Monday, May 2, 2016


One day it occurred to me that the word "walk" was spelled kind of oddly, and I wondered where it came from. Not surprisingly, its roots are a bit less than firmly known, but they start from Old English and go to proto-German and old Norse.

The surprising part was that the words it comes from didn't mean what we would mean by walk. My favorite etymology site,, says it's a combination of the

Old English wealcan "to toss, roll, move round"..., and 2. wealcian "to roll up, curl," from Proto-Germanic *welk- (cognates: Old Norse valka "to drag about," Danish valke "to full" (cloth), Middle Dutch walken "to knead, press, full" (cloth), Old High German walchan "to knead," German walken "to full"), perhaps ultimately from PIE root *wel- (3) "to turn, roll" (see volvox).

The shift in sense is perhaps from a colloquial use of the Old English word or via the sense of "to full cloth" (by treading on it), though this sense does not appear until after the change in meaning.
Which led me to look up fulling on the Wikipedia. I knew it had something to do with wool cloth, but had I thought it was some kind of cleaning or repair process to existing cloth or clothing.

Turns out it's part of the process of turning sheep's wool into wool cloth, cleaning it and making it thicker or fuller, to be exact. And the process involved walking on the material, usually while it was immersed in some kind of liquid (urine during Roman times, or water mixed with fuller's earth in later years). Okay, sometimes they used their hands or a club to hit the wool, but it's easy to see why feet would have been a good tool, just as with grapes.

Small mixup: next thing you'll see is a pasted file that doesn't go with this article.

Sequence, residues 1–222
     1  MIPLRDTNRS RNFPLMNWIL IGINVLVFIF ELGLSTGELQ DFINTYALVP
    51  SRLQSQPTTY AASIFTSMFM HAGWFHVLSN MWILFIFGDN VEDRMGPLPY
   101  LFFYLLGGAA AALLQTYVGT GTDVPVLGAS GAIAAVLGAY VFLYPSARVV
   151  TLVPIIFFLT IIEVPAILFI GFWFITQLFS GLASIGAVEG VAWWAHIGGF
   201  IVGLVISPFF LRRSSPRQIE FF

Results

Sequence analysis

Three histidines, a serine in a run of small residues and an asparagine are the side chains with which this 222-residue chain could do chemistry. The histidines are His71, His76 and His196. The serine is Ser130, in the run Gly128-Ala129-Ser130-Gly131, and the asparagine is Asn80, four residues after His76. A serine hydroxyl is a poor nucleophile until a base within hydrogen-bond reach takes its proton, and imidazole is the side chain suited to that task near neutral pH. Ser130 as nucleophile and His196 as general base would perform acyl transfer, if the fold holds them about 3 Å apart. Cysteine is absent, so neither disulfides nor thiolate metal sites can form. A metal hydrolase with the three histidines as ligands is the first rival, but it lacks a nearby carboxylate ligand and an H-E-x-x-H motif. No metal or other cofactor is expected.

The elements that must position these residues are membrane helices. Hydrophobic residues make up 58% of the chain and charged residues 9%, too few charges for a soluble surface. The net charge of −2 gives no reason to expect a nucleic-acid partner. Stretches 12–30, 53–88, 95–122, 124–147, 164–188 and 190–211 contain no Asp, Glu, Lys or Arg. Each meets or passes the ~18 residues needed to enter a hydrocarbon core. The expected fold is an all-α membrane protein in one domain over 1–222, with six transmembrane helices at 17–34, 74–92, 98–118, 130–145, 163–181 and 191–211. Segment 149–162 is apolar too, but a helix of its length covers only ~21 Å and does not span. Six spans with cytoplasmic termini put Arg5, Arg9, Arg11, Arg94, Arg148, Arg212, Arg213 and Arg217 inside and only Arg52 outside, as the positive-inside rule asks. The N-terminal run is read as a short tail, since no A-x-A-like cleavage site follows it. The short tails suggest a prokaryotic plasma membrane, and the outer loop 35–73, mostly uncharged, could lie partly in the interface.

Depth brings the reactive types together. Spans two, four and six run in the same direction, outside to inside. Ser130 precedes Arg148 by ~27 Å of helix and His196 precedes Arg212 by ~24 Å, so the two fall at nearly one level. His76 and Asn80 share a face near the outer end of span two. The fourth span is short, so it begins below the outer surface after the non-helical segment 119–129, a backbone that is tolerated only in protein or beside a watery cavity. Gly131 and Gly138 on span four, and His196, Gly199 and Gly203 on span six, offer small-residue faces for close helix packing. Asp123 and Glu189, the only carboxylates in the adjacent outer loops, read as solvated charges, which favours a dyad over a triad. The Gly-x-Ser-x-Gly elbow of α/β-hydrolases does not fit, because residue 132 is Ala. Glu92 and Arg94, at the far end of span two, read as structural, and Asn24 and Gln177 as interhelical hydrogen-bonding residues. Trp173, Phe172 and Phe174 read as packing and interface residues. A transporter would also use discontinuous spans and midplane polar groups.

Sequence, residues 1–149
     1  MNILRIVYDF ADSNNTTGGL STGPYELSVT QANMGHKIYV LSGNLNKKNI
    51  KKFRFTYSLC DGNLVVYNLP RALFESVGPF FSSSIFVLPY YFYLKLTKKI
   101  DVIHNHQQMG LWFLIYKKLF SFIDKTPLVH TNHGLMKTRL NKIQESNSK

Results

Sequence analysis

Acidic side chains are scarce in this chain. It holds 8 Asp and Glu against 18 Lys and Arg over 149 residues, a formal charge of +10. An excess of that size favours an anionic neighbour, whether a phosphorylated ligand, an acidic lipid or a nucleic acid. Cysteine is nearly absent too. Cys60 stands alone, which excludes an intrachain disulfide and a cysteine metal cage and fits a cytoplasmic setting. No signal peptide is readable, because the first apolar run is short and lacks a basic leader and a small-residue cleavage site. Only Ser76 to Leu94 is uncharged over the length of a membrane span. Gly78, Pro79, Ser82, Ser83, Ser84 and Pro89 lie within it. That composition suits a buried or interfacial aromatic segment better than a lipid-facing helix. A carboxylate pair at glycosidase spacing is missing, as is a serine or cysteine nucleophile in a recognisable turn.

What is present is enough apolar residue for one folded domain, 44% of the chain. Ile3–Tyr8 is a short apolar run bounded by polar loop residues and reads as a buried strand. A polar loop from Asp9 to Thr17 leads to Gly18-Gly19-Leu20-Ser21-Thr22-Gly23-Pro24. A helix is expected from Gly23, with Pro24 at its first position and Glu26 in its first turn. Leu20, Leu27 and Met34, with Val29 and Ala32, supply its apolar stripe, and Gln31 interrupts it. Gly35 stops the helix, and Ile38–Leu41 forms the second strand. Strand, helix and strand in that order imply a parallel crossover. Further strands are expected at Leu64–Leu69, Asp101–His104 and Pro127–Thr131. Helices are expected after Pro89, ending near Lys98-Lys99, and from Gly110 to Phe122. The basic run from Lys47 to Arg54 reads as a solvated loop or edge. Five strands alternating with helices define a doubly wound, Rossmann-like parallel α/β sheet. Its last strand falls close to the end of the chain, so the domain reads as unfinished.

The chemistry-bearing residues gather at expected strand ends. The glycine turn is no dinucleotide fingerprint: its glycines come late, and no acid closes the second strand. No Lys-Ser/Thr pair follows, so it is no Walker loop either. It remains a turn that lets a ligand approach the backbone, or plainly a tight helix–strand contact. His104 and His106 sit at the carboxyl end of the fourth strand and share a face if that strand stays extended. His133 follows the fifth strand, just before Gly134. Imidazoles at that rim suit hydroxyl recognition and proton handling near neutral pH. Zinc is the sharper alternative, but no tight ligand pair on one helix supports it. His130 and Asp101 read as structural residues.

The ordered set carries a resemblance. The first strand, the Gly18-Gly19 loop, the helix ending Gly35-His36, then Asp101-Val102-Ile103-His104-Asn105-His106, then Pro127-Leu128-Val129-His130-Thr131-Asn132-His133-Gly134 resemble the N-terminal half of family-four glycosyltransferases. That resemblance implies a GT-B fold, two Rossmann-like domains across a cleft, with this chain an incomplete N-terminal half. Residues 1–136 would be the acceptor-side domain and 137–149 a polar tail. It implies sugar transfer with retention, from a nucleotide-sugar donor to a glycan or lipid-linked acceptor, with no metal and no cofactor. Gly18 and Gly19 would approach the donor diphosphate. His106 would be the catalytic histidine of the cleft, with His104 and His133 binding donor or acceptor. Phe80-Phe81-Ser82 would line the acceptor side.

Even more eyebrow-raising, the last names Fuller, Tucker, and Walker are all derived from this same job.

So the word "walk" comes from a process that required walking, but before that was the word for walking (in Old English). I wonder what the word for walking was in Old English and the other source languages?

1 comment:

Michael Leddy said...

What a wonderful post. I had no idea that walk had such a complicated story.